This week Science for the People is exploring the limits of science exploration in both fictional and fact. We’re joined by “lifelong space nerd” Andy Weir, to talk about his debut novel The Martian (and soon to be film, trailer below), that pits human invenitveness and ingenuity against the unforgiving environment of the red planet. And astrophysicist and science blogger Ethan Siegel returns to explore so-called “impossible space engines“, and what news stories about them can teach us about journalism and science literacy.
*Josh provides research & social media help to Science for the People and is, therefore, completely biased.
If you read news reports, you would think that the only point of sending the Curiosity rover to Mars is to search for extraterrestrial life. Therefore, I suggest, that after every test it conducts Curiosity play the chorus of OK Go’s “No Sign of Life”. This will make it easier for the journalists to understand the results, but also carries a sense of optimism for the future.
No sign of life, no sign of life, no sign of life, no sign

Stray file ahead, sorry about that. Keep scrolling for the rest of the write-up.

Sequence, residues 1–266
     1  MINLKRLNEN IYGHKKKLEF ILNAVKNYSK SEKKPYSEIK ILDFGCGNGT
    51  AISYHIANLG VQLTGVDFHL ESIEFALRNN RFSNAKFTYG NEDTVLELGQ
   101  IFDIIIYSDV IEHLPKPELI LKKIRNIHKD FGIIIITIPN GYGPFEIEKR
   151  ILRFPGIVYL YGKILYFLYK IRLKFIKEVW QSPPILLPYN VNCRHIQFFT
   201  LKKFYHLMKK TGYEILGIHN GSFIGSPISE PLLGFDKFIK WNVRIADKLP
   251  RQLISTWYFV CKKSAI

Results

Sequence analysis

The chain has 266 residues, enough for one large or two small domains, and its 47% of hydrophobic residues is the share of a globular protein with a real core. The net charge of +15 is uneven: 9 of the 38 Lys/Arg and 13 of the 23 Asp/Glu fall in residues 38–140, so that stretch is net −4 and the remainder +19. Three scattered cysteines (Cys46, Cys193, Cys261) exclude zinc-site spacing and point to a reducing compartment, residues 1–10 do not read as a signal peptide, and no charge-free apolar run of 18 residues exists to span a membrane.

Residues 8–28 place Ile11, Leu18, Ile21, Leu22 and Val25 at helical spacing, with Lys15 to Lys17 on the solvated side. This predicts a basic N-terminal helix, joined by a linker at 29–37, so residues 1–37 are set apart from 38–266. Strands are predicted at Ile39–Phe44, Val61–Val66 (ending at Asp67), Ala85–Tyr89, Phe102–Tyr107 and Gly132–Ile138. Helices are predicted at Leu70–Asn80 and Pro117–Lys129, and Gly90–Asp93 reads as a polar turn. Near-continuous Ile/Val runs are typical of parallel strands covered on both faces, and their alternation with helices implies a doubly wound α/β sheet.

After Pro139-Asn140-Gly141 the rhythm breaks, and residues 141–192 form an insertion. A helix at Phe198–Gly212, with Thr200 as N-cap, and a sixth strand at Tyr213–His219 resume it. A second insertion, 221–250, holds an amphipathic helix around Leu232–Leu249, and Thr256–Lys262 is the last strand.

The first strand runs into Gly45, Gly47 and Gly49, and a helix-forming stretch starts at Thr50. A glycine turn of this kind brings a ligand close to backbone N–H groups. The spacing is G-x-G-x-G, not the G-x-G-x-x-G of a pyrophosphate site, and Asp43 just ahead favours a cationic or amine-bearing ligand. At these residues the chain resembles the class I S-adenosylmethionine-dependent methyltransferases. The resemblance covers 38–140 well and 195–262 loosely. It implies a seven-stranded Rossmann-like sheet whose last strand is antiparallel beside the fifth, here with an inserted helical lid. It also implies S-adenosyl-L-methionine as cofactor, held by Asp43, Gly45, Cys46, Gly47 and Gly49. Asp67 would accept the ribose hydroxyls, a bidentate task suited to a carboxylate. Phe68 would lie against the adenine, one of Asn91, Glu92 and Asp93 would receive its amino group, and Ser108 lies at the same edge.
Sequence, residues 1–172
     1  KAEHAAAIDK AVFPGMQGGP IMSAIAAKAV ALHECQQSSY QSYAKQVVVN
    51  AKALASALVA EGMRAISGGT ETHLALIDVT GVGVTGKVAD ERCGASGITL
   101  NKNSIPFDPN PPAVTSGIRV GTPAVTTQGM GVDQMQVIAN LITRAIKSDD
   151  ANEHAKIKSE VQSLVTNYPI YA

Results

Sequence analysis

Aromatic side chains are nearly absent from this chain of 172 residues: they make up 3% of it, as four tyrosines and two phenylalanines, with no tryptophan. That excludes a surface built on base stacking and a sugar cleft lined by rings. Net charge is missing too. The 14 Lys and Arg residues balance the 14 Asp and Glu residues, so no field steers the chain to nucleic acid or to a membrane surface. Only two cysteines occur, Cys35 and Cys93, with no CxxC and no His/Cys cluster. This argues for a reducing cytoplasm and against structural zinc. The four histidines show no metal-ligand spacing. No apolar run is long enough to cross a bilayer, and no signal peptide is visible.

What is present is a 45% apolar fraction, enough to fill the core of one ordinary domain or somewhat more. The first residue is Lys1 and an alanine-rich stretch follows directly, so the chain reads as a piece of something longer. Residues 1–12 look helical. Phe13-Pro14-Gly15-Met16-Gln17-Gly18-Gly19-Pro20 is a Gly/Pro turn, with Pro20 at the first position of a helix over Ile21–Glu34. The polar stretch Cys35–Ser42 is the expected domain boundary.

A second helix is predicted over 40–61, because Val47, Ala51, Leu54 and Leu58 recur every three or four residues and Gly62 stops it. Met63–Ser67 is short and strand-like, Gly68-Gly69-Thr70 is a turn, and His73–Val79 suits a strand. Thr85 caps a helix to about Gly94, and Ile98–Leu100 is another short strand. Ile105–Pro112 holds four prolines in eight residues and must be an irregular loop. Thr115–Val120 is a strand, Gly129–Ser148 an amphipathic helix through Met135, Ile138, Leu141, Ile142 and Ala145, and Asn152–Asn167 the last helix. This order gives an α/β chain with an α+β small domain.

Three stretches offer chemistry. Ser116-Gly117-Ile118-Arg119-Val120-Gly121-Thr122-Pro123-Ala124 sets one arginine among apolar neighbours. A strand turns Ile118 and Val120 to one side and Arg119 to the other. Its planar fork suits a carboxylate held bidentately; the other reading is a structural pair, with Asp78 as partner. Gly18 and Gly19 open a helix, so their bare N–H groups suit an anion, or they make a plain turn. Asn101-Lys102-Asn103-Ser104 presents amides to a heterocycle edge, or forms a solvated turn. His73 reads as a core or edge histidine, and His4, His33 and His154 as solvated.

But I got a hunch, oh, it’s not over yet, oh, it’s not over yet Continue reading “No sign of life”
I had a nightmare last night. A very nerdy nightmare*.
During the space shuttle’s ascent in to low earth orbit, I was dropped out of the space shuttle’s cargo bay strapped to an osprey. Somehow, both the osprey and I survived our descent. I know what you are thinking. The poor osprey’s wings should have snapped into pieces the moment it tried to provide lift for the two of us. This, my friends, was a key point in my complaint to the NASA authorities. I also suspected that my publicly stated preference for unmanned space exploration was a factor in the decision to drop me into the upper atmosphere. I have no idea what the osprey did to piss NASA off. Continue reading “Skycranes >> Ospreys”